“Quite honestly, it did surprise me,” Atkinson said. “Obviously we improved a lot last year but it wasn’t a so-called star system. It was a group of guys that play really well together. I think it gives more credit to the guys that are coming here that say I like that style of play, I like the way they play. I think they want to participate in something like that.
“Yeah, it surprises me just because we’ve come a long way in a short time. That’s the biggest surprise. And it happened quicker. I know Sean was strategizing and thinking big picture. I was kind of focused more on the day to day. It was a surprise they chose to participate in this type of system that we’re running.”
“Our whole infrastructure has been built around development,” Marks said, pointing to Atkinson as he added. “That’s why he’s here.”
Coincidentally, Atkinson was once with the Knicks, serving as the player development guru. Now, the Knicks are hoping to do the same thing, but so far have not been able to do it despite having four lottery picks starting with Kristaps Porzingis in 2015.
David Fizdale and the Knicks front office folks spent last year talking player development, but spent much of the season relying on the likes of Emmanuel Mudiay, Trey Burke, Mario Hezonja and Noah Vonleh — all who departed as free agents while Frank Ntilikina was shuttled from role to role and rookies Kevin Knox, Mitchell Robinson and Allonzo Trier got minutes.
And of course, the most painful part of the player development struggles came when the Knicks shipped Porzingis out to Dallas because they couldn’t create a culture that satisfied the star they had in place. Atkinson and Marks talked about their players being the best salespeople for their program and that is not just talk.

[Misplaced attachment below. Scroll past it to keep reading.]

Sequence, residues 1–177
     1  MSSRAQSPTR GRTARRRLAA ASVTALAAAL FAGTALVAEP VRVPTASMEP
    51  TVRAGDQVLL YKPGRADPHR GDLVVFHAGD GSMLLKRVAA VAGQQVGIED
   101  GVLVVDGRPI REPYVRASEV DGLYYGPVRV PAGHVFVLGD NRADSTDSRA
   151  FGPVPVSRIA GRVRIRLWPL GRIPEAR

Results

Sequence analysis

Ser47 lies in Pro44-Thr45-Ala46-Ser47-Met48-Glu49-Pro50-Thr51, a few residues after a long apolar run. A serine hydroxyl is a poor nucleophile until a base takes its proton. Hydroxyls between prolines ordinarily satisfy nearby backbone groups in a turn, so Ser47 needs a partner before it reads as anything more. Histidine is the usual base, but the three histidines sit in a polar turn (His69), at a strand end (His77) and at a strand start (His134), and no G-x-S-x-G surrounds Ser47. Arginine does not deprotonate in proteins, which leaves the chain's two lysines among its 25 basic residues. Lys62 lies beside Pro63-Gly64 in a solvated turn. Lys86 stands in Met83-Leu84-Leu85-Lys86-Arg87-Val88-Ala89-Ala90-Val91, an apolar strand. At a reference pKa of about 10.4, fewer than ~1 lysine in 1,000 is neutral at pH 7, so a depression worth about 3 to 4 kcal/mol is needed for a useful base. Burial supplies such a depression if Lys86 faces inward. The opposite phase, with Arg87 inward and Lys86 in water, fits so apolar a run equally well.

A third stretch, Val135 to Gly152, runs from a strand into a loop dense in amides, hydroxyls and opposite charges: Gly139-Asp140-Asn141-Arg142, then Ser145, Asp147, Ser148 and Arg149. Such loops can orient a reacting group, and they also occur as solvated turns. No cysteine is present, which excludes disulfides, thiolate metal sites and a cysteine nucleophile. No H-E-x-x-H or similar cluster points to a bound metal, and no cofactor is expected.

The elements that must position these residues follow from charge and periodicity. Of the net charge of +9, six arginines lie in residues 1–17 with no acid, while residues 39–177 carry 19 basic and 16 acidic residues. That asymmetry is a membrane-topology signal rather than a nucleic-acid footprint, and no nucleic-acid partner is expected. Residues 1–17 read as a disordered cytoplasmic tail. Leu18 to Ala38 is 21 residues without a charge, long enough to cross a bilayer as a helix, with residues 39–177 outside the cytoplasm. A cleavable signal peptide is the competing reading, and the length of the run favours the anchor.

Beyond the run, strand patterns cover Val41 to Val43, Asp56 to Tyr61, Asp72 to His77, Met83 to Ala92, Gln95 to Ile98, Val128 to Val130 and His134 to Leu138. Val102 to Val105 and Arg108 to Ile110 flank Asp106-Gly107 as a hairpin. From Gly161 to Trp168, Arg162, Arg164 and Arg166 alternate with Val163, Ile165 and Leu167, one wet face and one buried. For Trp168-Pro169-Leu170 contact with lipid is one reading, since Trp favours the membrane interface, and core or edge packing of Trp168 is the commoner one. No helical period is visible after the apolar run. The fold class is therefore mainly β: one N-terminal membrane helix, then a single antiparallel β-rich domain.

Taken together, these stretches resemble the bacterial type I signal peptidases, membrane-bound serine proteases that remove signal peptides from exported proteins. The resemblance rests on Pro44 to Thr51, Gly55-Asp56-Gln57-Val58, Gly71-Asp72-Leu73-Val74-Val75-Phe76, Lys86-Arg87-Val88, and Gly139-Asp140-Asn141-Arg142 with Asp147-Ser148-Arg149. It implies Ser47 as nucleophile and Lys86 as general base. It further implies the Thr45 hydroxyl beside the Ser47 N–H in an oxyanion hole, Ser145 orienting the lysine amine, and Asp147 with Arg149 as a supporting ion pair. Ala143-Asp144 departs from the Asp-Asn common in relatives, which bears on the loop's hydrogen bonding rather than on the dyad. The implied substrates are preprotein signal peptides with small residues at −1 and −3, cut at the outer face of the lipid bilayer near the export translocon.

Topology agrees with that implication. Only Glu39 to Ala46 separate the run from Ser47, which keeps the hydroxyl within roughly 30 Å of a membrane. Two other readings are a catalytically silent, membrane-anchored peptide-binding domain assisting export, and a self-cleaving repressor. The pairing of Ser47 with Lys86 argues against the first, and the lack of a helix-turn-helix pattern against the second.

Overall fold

Players talk and even when it’s not stars, they sell — or they don’t. Consider what the Knicks have done in that case. The prior regime, although plenty of faces remain even after Phil Jackson departed, pushed Carmelo Anthony to remove the no-trade clause Jackson provided him with ugly sniping.
Whatever you think of the decision to rid themselves of Anthony, who remains in limbo, still in search of a place to renew his career, he was a popular figure among players — part of the banana boat crew and a member of the NBA Players Association’s executive board — and his story didn’t make the Knicks look good. Charles Oakley being dragged out by security and the team unable to appease Porzingis had the same effect.
The Knicks don’t have stars. Maybe RJ Barrett will become one. Perhaps Knox will take a step forward in his second season. What they can have and the real lesson learned from free agency and the Nets success is that there is a way to get better in a rebuild — and it’s not with star power or the allure of Madison Square Garden. It takes work and patience and planning. The Knicks bought themselves another year with the free agent contracts they signed this summer. Now they have to show that the wait is not in vain.